RIFLE, Colo. (CBS4) – A Facebook post by the Rifle Police Department about a dog dying in a hot car can be seen as a cautionary tale with temperatures in the 80s and 90s this week. In the post, which has been shared thousands of times, police describe the moment the dog’s owner discovered the animal.
The pet was left in the car during the first week of July. The animal’s owner told investigators last weekend she didn’t realize how long she had been out of her car.
The dog owner told police she left the dog in the car with the engine running and the air-conditioning on high while she went to visit someone. An hour and 45 minutes later, she found the car was off and the dog was dead in the car.
“There’s no reason this should ever happen. It’s very preventable,” Maia Brusseau, Public Relations Manager of the Denver Dumb Friends League said. “If it’s hot outside, just leave your dog at home.”
According to Brusseau, pet owners often forget how dangerous it can be to leave their pet inside a hot car.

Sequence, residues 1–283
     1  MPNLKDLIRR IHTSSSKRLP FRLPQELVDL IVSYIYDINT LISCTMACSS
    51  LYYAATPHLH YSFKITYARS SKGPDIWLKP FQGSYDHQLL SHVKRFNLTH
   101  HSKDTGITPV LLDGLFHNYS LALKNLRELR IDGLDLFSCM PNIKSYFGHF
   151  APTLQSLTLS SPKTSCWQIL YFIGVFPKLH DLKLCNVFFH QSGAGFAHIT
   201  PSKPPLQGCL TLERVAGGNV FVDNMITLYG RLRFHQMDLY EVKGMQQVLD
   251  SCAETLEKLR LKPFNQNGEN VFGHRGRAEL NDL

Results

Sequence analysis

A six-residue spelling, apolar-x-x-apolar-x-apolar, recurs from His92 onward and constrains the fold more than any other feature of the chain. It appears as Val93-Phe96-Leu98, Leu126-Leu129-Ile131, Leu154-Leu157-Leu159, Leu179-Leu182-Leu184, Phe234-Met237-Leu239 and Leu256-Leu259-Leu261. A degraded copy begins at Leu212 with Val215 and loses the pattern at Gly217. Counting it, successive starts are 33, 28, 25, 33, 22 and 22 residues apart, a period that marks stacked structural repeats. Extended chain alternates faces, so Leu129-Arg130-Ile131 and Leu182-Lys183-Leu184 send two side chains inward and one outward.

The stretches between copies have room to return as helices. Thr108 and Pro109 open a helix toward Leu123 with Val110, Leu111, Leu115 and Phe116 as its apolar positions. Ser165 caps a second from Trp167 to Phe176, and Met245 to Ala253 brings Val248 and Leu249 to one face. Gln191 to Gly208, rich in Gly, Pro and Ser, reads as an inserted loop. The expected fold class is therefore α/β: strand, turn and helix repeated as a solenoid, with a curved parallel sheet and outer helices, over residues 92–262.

Experts say the temperature inside a car can rise to 89 degrees within 10 minutes on a 70 degree day.
“They can’t dissipate heat the same way we can, they can’t sweat,” Brusseau said. “They can only dissipate heat through their paws, so they can get overheated very, very quickly and heat stroke is dangerous and deadly.”
Brusseau said it’s never worth the risk, no matter what precautions you think you took.
“It gets way too hot way too fast in a car,” she said. “It doesn’t matter if you are parked in the shade, if you’ve cracked the windows, if it’s just for a few minutes, it’s better to leave them at home.”
If someone doesn’t do so, there is something you can do. Two years ago, Colorado lawmakers made it legal to step in.
“There is the hot car immunity law passed a few years back,” Brusseau said. “That makes you immune from prosecution if you break a window to save an at-risk dog, cat, or person’s life.”
Before taking the extreme step of breaking a window, there are a few things you must do. You must call 911, do everything in your power to try and find the pet’s owner, and do as little damage to the car as possible.